The arroyo toad has been affected by predation and competition from invasive animal species including the American bullfrog (Lithobates catesbeiana), red swamp crayfish (Procambarus clarkii), and African clawed frog (Xenopus laevis). The U. S. Geological Survey has produced data during recent predator eradication efforts along the Santa Margarita River estimating that during the breeding season 120 adult arroyo toads are being eaten by bullfrogs per kilometer of river per month, with each bullfrog consuming an average of 12 arroyo toads per month during the breeding season.
Arroyo toad predator removal work conducted in San Juan Creek to offset the impacts of a prior road project along SR-74 had resulted in the removal of approximately 12,847 bullfrog adults, metamorphs, and tadpoles, 11,233 crayfish, and 21 African clawed frogs over the course of three years (2007-2009). During the initial 2007 surveys, 7 arroyo toads were seen with no breeding behavior. In 2008, 36 arroyo toads were seen and breeding behavior (calling) was observed. In 2009, arroyo toad numbers were reduced to 11, with no breeding behavior, possibly due to dry conditions (Bonterra Consulting 2009). This marked the completion of the survey and predator removal work required for the prior road project.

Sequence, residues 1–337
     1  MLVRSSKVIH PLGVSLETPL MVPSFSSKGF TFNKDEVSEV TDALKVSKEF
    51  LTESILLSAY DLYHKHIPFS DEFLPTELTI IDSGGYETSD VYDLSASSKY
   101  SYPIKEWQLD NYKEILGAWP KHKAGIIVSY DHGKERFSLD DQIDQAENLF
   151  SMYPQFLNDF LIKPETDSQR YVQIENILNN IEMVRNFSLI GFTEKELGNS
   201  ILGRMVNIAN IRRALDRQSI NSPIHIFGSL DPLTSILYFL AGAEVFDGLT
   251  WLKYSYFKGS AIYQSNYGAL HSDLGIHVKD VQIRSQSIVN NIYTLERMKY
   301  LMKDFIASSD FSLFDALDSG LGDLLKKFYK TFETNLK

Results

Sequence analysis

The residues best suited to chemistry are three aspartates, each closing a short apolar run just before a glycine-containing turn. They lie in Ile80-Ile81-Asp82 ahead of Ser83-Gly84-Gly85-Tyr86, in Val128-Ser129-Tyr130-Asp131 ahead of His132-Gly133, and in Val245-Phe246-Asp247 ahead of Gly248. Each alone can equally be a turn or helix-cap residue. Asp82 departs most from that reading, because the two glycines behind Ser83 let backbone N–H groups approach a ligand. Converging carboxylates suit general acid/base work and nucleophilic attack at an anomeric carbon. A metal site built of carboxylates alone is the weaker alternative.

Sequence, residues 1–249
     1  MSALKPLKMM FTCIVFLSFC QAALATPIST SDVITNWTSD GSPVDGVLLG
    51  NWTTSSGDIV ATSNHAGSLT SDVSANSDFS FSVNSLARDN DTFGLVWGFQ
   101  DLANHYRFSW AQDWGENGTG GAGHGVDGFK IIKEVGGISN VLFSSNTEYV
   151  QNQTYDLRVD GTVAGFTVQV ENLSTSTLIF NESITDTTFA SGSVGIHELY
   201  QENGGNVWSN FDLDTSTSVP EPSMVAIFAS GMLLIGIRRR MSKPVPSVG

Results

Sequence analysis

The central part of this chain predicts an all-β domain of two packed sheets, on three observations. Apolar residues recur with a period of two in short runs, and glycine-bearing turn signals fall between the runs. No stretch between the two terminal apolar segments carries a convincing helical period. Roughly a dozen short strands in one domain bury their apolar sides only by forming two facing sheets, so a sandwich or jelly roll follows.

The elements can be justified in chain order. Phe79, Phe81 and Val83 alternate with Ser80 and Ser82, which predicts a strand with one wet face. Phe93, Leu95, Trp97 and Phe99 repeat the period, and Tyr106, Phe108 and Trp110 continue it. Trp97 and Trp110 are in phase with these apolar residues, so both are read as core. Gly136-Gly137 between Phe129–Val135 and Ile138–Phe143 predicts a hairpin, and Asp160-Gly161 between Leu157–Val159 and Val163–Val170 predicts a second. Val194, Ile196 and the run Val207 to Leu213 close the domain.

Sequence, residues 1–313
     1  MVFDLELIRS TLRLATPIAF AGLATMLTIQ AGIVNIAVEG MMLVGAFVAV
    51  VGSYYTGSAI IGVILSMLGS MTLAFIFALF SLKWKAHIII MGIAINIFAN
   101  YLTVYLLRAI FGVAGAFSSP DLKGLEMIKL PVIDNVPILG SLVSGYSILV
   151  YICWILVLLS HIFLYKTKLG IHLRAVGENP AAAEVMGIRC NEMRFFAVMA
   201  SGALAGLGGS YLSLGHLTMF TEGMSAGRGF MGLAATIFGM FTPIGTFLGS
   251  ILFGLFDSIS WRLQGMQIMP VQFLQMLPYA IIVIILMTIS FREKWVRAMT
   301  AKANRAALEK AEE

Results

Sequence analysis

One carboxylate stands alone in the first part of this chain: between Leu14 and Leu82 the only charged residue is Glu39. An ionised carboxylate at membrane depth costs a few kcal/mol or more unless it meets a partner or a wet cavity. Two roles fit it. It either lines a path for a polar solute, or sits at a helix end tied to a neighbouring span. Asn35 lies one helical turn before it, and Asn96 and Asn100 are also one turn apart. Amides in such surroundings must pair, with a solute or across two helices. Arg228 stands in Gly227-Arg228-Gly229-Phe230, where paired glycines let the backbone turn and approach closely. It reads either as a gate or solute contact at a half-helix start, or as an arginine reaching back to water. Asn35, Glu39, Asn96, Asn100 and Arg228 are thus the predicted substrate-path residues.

To offset the impacts of the emergency work, the arroyo toad predator removal effort was continued for a year, through June of 2011. In 2010, an additional 1,444 crayfish and 54 bullfrogs were removed (LSA Associates, Inc. 2011a) and arroyo toad breeding was observed in the treated reach of San Juan Creek for the first time since the predator removal work and associated surveys began (LSA Associates, Inc. 2011b). Surveys documented a few hundred arroyo toad tadpoles and several dozen arroyo toad metamorphs (i.e., juveniles) (LSA Associates, Inc. 2011b). A second emergency, which occurred as a result of flood damage along SR-74 in December of 2010, has funded the continuation of the predator removal work through June of 2012. Initial results from 2011 include the observation of arroyo toad egg masses (LSA Associates, Inc. 2011b).